Slightly over a year ago, in October 2000, the two settlements suffered a traumatic head-on collision. Many Upper Nazareth residents, who felt hemmed in and threatened during the violent demonstrations of their Arab neighbors in the early days of the riots, embarked on a counter-demonstration on Yom Kippur, October 8. They broke windows of homes in Nazareth's eastern neighborhood, which in turn sparked an outcry by thousands of Arabs in Nazareth. Large mobs assembled on either side of Nazareth's "detour road" near the Lev Ha'ir mall, which in past years has been a meeting point for Jews from Upper Nazareth and Arabs from Nazareth.

The throngs exchanged curses and vicious slogans. After a few hours of standoff, the police, who were between the two groups, opened fire at the Arabs. Two Nazareth youths were shot dead.

The rupture in Jewish-Arab relations seemed beyond repair. But to Mansour Abed, a welder whose home in the eastern neighborhood was hit by the gunfire, said at the time, as if expressing a vain hope: "I think that any building with strong foundations can be rebuilt." Last week, a year after the trauma, Abed related that the severance of ties lasted for only a few weeks and that friendly relations between the young Jews and Arabs gradually resumed.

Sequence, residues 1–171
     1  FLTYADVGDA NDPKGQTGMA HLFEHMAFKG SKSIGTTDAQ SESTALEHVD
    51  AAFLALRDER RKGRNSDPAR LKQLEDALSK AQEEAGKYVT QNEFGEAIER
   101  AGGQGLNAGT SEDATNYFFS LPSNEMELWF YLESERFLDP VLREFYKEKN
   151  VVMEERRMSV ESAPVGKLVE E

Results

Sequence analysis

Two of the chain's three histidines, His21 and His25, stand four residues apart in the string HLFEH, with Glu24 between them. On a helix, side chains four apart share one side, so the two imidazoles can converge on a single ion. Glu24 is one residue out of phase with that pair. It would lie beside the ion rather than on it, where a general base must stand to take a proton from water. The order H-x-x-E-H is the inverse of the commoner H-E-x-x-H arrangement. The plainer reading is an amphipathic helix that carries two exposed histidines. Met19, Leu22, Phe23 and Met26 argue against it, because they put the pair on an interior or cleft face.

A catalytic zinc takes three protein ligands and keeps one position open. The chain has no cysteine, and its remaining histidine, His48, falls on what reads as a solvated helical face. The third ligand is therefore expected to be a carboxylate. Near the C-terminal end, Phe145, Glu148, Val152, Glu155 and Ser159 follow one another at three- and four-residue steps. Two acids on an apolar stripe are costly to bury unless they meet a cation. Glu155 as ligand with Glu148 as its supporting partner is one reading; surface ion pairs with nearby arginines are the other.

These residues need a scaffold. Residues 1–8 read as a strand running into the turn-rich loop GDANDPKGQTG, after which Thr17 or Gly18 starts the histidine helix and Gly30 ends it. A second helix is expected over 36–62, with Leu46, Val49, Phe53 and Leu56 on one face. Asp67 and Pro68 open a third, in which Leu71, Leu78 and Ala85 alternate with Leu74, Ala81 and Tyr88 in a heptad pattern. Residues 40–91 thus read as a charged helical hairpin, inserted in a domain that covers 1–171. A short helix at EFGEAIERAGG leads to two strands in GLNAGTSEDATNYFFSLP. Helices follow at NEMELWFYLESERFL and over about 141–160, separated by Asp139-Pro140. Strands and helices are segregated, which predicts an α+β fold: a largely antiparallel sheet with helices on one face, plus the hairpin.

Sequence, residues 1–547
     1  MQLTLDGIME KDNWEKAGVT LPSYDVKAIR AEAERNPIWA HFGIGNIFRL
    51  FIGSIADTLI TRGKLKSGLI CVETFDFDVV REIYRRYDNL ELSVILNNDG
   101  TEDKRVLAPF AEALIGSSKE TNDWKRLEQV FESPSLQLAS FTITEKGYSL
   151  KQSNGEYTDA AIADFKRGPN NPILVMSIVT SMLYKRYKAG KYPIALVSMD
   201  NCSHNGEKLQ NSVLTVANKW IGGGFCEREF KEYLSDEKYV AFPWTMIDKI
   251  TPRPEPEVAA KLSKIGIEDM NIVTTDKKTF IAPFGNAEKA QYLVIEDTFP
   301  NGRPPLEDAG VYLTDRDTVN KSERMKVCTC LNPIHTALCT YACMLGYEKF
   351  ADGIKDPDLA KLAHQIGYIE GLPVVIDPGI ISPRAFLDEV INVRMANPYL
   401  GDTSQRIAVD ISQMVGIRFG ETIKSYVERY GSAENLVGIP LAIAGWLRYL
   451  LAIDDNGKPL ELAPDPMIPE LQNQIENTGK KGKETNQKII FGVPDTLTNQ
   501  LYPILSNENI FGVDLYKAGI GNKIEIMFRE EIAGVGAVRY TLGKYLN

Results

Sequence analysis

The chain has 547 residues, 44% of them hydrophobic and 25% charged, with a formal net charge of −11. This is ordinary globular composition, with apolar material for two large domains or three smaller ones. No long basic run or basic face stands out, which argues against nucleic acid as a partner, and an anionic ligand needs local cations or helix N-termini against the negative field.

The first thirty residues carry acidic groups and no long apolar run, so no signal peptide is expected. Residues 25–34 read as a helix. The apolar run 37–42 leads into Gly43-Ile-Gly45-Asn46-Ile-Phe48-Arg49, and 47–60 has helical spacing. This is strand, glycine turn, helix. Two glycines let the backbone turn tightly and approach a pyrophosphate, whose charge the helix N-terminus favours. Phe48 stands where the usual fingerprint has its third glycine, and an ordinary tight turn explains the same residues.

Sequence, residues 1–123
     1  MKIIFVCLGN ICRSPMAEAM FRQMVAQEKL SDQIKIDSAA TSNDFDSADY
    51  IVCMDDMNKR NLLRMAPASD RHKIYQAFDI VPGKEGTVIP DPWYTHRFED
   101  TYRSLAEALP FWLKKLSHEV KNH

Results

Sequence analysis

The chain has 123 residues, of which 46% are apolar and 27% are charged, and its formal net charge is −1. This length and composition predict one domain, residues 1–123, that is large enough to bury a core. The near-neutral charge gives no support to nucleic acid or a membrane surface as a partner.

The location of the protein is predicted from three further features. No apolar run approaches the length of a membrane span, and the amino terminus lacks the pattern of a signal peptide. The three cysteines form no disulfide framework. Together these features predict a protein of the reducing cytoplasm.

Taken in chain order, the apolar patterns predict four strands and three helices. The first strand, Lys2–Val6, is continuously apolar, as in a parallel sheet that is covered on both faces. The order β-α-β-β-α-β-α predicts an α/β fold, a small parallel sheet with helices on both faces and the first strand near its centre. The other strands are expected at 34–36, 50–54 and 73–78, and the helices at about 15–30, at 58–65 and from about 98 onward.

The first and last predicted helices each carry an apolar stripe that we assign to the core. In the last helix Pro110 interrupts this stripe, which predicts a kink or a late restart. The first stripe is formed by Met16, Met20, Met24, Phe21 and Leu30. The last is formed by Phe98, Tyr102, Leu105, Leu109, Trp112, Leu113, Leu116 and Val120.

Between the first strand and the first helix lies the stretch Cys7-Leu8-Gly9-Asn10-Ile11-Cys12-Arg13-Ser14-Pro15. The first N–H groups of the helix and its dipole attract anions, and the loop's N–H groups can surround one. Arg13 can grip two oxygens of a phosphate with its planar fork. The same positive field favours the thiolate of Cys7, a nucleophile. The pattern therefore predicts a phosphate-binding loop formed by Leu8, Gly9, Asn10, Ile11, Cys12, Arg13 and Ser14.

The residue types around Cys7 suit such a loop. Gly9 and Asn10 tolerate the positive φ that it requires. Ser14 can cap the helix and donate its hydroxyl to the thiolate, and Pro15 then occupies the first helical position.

Even romantic links between young Arab men from Nazareth and young Jewish women from Upper Nazareth got back on track. Ludmilla (who asked that her family name not be revealed) and her family are a sort of Israeli telenovella that exemplifies the phenomenon. Ludmilla arrived in Israel from Belarus 11 years ago with her mother and two daughters, Tatyana and Svetlana. Tatyana married Boris, a Jewish immigrant, and now lives in Upper Nazareth. Svetlana, who has adopted the name Orly, married Shadwan, a Muslim from Nazareth, six years ago. As Ludmilla describes their first meeting, her eyes begin to shine: Orly was working in a cafe. Shadwan came in, as a customer, took one look and said that she was the woman he'd seen in a dream. The two fulfilled the dream in a Muslim wedding ceremony held in Ludmilla's small apartment in the presence of a kadi and 10 men.